Guest Post: Terrence by Alice Rachel


Terrence: A Short Story
Alice Rachel
(Under Ground, #0.8)
Publication date: May 15th 2017
Genres: Dystopian, New Adult, Romance

Bullying is nothing new to Terrence Young. The teasing and harassment are constant. His family is less than understanding as well. To them, Terrence chose to be gay and complicate their lives. Their little rejections sting and cut him deeply.
But when the Deviance Act is passed, Terrence’s life takes a turn for the worse overnight. Under the new law, a mere look, a simple touch, or a small kiss in public could mean death. Terrence attempts to hide his orientation to survive. That is until a gang attacks him in a bar and Chase Martinez interferes.
Chase is gorgeous, kind-hearted, and he’s a rebel in the Underground—all qualities that attract Terrence so much there is no stopping the fall. Loving Chase might be dangerous, but Terrence is done living in fear and letting others dictate what is right for him.
*The author pledges to donate 100% of sales revenue from “Terrence: A Short Story” to The Ally Coalition

Terrence’s Story is part of my YA Dystopian Romance series UNDER GROUND—a series in which New York State has seceded from the rest of the United States. In the series, women have no rights: They can’t vote, they can’t walk the streets on their own, they are forced into marriages settled by their parents to benefit their families. It’s a Victorian sort of world, though it’s set in the future. That world also revolves around a number of laws that were passed to oppress the lower class and the LGBT community. Because Terrence is both lower class and gay, those laws affect his life tremendously.
In Terrence’s story, one of the new laws is called the Deviance Act. That law allows New York State to have all LGBT people executed on sight without trial. Sadly, this event was inspired by events that have happened in our past or are still happening in our world today.
It was also essential for me to focus more on my LGBT characters because when Terrence’s book cover was revealed, I was sad to realize that, though many people claim to want diversity in novels, some of them don’t want sexual diversity. And it is my job, as a writer, to show them that diversity does in fact include diversity of ethnicity, culture, and orientation.
LGBT people do not choose their orientation or gender. They are who they are, and refusing for them to have a voice in literature implies denying them the right to be represented. It implies only wanting diversity if that “diversity” fits certain standards or beliefs.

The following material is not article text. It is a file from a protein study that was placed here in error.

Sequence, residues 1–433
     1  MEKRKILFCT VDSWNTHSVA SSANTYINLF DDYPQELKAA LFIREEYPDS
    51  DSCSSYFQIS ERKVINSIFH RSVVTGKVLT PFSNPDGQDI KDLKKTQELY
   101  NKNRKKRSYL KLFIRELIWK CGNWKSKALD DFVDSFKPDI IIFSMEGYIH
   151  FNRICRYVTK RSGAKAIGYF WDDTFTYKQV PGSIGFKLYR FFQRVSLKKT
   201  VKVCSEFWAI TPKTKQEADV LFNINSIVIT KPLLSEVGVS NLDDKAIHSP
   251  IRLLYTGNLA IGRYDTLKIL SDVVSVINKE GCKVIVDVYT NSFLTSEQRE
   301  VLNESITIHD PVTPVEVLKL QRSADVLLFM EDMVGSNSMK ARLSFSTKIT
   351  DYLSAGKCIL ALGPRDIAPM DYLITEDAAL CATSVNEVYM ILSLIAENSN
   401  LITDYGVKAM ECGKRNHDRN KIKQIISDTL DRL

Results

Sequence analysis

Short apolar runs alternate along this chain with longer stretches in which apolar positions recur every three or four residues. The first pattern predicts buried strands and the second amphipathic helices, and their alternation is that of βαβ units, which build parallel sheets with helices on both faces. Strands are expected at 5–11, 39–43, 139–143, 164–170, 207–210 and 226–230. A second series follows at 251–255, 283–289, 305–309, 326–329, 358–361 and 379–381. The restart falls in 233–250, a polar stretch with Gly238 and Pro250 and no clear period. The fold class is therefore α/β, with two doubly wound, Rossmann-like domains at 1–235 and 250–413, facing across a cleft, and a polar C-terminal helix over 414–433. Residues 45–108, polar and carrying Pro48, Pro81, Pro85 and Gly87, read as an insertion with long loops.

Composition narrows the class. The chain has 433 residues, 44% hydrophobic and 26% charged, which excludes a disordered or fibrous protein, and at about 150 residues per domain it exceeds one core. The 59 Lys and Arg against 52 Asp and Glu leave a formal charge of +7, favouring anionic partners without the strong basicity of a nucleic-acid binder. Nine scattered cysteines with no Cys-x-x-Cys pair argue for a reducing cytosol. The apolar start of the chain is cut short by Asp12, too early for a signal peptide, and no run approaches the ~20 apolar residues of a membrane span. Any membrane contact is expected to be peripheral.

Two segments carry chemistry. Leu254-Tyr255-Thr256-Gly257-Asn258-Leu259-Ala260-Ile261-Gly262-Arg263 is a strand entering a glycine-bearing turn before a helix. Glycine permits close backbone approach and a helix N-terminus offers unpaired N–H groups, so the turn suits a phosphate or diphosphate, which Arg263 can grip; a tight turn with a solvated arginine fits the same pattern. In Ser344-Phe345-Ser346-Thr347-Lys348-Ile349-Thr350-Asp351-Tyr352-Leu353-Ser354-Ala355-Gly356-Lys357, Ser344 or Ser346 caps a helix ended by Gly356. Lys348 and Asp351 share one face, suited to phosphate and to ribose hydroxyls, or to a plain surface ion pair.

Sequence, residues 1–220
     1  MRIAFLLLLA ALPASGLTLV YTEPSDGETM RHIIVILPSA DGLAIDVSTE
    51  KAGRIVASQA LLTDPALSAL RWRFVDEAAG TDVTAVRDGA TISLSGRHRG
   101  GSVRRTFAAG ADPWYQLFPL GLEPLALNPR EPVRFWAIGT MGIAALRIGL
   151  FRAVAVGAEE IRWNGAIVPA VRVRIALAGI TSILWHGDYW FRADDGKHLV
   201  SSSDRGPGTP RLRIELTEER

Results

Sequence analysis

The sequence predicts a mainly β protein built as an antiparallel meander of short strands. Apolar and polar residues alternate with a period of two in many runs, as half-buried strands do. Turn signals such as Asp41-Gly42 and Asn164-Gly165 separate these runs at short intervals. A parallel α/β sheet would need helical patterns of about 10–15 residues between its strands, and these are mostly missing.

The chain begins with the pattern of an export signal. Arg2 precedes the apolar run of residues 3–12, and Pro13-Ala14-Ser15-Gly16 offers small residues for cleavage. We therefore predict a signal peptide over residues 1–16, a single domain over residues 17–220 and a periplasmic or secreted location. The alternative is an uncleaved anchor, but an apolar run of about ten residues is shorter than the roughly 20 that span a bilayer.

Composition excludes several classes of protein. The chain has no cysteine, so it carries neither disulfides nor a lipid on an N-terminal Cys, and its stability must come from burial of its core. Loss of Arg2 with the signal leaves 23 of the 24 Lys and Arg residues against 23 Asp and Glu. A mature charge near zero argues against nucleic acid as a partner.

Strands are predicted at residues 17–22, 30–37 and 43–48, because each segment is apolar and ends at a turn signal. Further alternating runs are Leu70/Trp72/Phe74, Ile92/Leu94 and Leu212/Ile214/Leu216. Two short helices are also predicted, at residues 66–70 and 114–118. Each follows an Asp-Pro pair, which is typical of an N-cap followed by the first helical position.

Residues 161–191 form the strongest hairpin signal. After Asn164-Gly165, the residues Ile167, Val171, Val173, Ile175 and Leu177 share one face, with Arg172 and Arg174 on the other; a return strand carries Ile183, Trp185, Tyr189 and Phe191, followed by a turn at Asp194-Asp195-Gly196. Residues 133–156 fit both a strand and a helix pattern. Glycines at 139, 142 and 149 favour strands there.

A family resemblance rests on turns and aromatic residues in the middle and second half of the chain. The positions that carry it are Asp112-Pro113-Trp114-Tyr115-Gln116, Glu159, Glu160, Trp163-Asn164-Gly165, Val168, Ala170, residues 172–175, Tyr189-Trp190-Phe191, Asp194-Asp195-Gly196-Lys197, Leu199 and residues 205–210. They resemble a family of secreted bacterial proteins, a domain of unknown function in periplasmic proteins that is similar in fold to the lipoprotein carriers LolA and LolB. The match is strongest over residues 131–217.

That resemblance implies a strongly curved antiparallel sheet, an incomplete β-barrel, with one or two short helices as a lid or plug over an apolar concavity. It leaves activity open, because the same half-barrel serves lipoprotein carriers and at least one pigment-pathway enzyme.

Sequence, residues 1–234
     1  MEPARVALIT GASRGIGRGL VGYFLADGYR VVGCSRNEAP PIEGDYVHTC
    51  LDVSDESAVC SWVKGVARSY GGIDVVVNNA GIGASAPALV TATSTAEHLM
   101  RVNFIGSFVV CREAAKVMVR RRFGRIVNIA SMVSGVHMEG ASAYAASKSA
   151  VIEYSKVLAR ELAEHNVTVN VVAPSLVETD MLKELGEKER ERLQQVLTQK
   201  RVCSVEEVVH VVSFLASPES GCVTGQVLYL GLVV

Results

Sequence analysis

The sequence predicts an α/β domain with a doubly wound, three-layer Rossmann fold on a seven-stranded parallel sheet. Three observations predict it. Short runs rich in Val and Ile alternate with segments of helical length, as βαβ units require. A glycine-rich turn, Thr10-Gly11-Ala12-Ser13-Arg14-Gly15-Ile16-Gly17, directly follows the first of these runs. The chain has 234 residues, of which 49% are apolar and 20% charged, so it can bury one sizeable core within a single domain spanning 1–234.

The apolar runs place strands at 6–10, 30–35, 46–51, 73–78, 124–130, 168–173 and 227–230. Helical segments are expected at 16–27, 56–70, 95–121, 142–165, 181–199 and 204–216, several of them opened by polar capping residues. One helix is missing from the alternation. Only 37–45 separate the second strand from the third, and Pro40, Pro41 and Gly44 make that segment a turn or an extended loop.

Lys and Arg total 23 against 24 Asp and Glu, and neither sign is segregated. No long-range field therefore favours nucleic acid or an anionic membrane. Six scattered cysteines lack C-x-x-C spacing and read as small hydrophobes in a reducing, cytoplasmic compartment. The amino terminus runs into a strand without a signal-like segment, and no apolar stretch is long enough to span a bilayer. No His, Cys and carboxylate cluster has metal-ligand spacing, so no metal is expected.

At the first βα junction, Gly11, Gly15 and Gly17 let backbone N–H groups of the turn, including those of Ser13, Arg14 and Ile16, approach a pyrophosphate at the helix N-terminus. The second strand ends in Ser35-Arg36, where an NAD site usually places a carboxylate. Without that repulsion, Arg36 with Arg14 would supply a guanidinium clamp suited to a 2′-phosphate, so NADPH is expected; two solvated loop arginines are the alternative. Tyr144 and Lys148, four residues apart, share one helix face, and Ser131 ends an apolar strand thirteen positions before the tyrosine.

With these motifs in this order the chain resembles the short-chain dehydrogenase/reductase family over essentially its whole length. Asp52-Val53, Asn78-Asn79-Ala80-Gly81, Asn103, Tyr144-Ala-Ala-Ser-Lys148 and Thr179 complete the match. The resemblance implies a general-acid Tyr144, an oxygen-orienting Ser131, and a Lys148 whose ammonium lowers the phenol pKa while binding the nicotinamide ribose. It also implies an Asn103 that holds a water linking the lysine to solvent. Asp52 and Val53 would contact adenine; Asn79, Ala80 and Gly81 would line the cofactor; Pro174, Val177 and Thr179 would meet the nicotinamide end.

I find it highly offensive that anyone would read a series as long as the characters are straight and that they would start shunning those very same characters as soon as it is revealed that those characters are, in fact, not straight.
And I will always strive to make my series as diverse as possible in every possible way—be it ethnically, culturally, or sexually.
I do not write to please people, I write to challenge them and make them think outside the box that society has been confining them in, and that is the inspiration behind my entire series. 
My goal is always to raise awareness to certain issues that matter to me. I wanted to write books that would make my readers think, books that would open their minds and make them want to do their own research. The first books focused more on women’s rights, abuse, rape culture, virgin shaming, slut shaming, and many other things that prevent women from thriving in society.
But recently, the series has shifted a bit more toward LGBT rights. Many characters in the series are gay or bi, and they are all affected by this new law in the books.
The interesting thing is that you never know if your books will do what you had originally intended. And in Terrence’s case, it did.
I did a read-along of the story recently, and it meant so much to me to realize that Terrence could teach my readers something new, something they had never heard of before or weren’t even aware of.
You see, Terrence’s lover, Chase, is bisexual, and Terrence’s story discusses biphobia and bierasure, in the sense that Terrence has trouble accepting his boyfriend’s orientation.
During the read-along, it was clear that many people had never heard of biphobia or bierasure. And it meant the world to me that I was able to discuss those two issues with my readers as well as expose a problem that is not only a concern in the straight community, but also in the LGBT community. Many readers were shocked to learn that bisexuals are often rejected by members of both communities (yes, including by members of the LGBT community), and that bisexuals are constantly told that their orientation simply does not exist, or they are forced to claim to be fully straight or fully gay when, in all reality, they do not fit in either of those categories.
Terrence’s story also fights many other stereotypes, from the belief that gay men are promiscuous and only interested in sexual affairs, to the thought that being gay equals a lack of masculinity, to the false belief that gay men choose their orientation.
So I guess I would say that the inspiration behind the story was a desire to open my readers’ minds to new thoughts and to expose the false beliefs that have been ingrained in us by society.
Thank you for having me on your blog and for being part of Terrence’s blog tour. 🙂


Author Bio:
Alice Rachel is the author of the YA Forbidden Romance/ Dystopian Romance Series “Under Ground.”
Her time is divided between teaching French, writing, reading, drawing, and spending time with her hubby and guinea pigs.
Alice loves talking to readers, so send her a message…


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